Azerbaijan’s tourism industry is gaining steam through health tourism, one of the rapidly expanding domains of global travel. The recent announcement of Azerbaijan being among the top five wellness holiday destinations in the world based on the results of Internet voting of National Geographic Traveler Awards 2017 has boosted its medical tourism prospects.
The territory of Azerbaijan falls in 9 climatic zones out of the total 11 global climatic zones making it one of the prime tourist destinations in the world. The country is enjoying a stupendous growth in tourist visits from 2010-16 and is one of the fastest developing tourism markets in the world.
The high spending of international tourists last year bears a testimony to the fact. The country received a record 2 million tourist visits in 2011 and the number has gradually increased since then.
Azerbaijan has been a popular choice as a tourist attraction for its bright climate blessed with all sun and shine, amazing health facilities capitalizing on its natural resources and a leisurely vacationing. Mouth-watering cuisine, stunning landscapes, an exotic culture and a colorful lifestyle together with an awesome prospect of spending a vacation in the Caucasian mountains have made this Central Asian country one of the highly appealing spots on the global tourism map.
The booming of the multi-billion medical tourism sector expected to grow at a faster rate for the next decade has been encouraging enough for this country to reshape its tourism industry by exploiting its medical tourism prospects to the fullest.
Harnessing medical tourism prospects:
The country with its diverse range of tourism activities and relaxed visa policy coming into effect from January 2017 has opened doors to more number of international medical travelers seeking a unique vacation-healthcare combo package at attractive prices.
Health tourism in Azerbaijan showed a dramatic improvement since the adoption of the state-backed program 2009-18. An association was created to boost the development of resorts supporting thermal tourism and spa tourism along with setting up of modernized healthcare organizations equipped with state-of-the art facilities.
The country is highly famous for the natural healing process with crude “Naftalan” oil originating in the Naftalan region. Since 1926, the region has well developed balneo-therapeutic health resorts famous for treatments with oil-baths, which is not found elsewhere.
It is this Naftalan oil that popularized this country long before the oil boom positioning Baku, the capital city, in global limelight. The oil is known to treat more than 70 diseases. The ointment extracted from this oil shows miraculous cure in skin diseases.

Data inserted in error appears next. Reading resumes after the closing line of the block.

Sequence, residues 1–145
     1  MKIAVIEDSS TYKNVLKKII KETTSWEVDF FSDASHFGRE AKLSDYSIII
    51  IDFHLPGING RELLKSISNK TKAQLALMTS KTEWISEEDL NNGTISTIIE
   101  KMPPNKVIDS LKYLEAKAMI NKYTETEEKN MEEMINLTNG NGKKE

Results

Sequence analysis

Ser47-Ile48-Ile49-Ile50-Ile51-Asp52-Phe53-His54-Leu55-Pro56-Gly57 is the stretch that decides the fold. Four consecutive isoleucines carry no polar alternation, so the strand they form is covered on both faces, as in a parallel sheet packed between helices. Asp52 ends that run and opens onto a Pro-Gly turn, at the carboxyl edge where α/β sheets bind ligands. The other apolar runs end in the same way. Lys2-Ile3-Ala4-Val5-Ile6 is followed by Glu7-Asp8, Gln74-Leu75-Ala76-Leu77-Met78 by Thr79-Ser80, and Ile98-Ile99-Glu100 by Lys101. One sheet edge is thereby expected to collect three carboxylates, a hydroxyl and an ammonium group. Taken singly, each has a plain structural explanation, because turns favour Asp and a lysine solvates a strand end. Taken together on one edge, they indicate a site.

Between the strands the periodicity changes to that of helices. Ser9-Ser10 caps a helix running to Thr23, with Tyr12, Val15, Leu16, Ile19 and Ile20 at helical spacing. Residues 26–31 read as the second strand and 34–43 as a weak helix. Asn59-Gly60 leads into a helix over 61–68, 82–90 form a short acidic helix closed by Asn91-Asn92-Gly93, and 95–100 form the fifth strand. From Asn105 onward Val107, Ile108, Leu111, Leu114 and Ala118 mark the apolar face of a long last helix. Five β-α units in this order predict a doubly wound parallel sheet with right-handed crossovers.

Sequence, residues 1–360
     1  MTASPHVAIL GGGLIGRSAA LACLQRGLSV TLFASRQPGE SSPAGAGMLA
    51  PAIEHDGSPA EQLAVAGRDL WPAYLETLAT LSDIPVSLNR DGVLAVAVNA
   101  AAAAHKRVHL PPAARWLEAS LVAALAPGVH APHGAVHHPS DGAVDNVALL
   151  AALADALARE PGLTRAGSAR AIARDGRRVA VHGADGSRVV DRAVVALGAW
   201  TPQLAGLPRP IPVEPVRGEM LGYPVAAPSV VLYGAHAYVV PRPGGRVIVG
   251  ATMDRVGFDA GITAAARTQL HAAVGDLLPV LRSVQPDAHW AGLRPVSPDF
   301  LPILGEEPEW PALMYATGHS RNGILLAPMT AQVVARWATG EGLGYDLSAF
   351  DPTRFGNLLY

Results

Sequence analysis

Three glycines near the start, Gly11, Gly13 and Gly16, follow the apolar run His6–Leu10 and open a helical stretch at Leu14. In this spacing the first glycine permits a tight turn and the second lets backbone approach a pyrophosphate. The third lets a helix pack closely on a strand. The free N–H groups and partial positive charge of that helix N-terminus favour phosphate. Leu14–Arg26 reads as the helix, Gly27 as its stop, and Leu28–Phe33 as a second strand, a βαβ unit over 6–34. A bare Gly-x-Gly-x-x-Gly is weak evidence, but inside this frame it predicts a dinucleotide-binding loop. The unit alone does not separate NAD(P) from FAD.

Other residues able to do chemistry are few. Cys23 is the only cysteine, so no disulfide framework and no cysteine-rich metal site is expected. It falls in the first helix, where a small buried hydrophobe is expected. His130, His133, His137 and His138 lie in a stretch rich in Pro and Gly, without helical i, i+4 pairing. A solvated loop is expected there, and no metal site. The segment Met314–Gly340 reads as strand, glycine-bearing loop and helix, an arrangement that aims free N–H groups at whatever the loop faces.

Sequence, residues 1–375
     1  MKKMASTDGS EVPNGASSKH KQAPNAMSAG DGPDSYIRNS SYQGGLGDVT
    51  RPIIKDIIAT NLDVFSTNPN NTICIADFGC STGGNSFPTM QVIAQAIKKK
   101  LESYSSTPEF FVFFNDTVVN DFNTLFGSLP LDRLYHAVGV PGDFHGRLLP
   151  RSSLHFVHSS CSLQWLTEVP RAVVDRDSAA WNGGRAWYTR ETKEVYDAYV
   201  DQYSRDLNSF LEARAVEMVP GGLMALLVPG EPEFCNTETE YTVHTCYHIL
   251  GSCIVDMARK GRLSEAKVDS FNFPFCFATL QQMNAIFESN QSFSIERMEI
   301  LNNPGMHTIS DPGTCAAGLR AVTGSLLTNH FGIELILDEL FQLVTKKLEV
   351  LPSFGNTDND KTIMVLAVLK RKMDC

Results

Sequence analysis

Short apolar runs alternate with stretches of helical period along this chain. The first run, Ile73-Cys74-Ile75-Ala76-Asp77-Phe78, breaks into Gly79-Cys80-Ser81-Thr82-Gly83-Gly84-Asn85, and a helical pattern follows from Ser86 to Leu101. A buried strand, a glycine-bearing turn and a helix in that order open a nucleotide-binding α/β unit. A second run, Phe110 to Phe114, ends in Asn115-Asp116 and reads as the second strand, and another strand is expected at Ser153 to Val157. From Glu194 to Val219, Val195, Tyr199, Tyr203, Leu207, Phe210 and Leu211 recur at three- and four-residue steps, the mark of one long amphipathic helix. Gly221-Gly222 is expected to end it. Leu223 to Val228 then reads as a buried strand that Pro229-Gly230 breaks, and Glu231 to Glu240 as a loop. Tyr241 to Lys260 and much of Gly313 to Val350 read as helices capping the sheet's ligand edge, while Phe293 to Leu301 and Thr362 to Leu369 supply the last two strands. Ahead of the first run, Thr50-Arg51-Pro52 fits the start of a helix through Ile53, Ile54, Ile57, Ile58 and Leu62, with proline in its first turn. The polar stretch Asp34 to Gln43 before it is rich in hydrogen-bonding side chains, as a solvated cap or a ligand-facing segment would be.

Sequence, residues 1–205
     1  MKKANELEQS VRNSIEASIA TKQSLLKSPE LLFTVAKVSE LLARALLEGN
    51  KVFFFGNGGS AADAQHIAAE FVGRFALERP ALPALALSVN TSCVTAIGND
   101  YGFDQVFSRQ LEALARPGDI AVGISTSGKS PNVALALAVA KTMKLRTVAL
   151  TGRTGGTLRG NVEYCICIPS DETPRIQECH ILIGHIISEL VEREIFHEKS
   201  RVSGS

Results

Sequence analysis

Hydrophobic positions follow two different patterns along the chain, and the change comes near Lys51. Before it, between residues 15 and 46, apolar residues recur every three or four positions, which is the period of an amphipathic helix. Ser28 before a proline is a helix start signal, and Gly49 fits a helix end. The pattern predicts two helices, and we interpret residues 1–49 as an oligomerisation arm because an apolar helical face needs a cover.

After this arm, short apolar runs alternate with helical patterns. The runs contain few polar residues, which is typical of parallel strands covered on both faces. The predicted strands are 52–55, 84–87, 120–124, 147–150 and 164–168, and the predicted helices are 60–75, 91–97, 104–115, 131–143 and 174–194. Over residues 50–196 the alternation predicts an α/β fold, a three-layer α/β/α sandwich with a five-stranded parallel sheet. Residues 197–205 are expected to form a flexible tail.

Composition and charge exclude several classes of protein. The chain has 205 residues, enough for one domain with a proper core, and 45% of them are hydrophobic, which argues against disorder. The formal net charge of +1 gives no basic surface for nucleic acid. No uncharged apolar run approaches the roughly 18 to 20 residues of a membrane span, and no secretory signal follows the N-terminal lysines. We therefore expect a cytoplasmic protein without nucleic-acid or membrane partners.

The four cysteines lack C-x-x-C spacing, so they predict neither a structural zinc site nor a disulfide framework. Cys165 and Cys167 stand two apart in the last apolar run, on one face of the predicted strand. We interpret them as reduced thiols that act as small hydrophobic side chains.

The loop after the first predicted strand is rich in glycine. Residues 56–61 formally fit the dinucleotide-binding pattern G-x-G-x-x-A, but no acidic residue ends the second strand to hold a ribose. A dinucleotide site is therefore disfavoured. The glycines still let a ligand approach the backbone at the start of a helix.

Hot Springs and Mud volcanoes:
It is worth mentioning here that Azerbaijan is rich in hot mineral springs and mud volcanoes. The hot spring in Masalli, a beautiful city known to be effective in treating countless ailments draws huge foreign tourists. The water released from a depth of 90-250 meters is rich in minerals contributing to the cure of diseases.
Salubrious mud therapy is a big draw for international travelers. Out of 800 mud volcanoes in the world, 300 are located in this country. The mud is used in treating varied medical conditions and even in cosmetology.
Salt mines located in Azerbaijan offers another unique healing process for chronic asthma, bronchitis and other respiratory ailments. Nakhchivan houses the most famous salt cave Duzdagh Cave. The area has 130 million tons of salt reserves formed naturally millions of years back.
The caves-turned-treatment-centers are either located above or under the ground 300 meters below sea level. Staying in these naturally formed salt chambers for 10-12 hours a day improves air circulation in the lungs. Those seeking for preventive measures make 2-3 visits to improve their lung functions.
Significant advancements in the field of medicine:
Azerbaijan’s healthcare system has been undergoing a revamp with the government taking notable steps in renovating the country’s healthcare facilities since last ten years.
The hospitals received huge funding helping in the renovation of more than 500 healthcare related facilities. To reconstruct the medical institutions, the state is seriously considering roping in the private sector organizations transferring a bulk share to them.
State-of-the-art facilities were installed and more trained specialists were accommodated. In cardiovascular treatments and oncology, Azerbaijan is offering a tough competition to its neighboring countries both in terms of quality and price.
In another appreciable effort, the state has been sponsoring for abroad professional education and training not only for doctors but also for other professionals in healthcare to enhance its existing capacity.
In the coming years, about a thousand physicians getting trained in advanced treatments in the US, UK and France will be joining the Azerbaijan’s medical team, which would be an added incentive to the country’s medical tourism sector.
It appears that Azerbaijan is leaving no stone unturned to come up in the global medical tourism index capitalizing its long-established popularity as a prime recreational destination.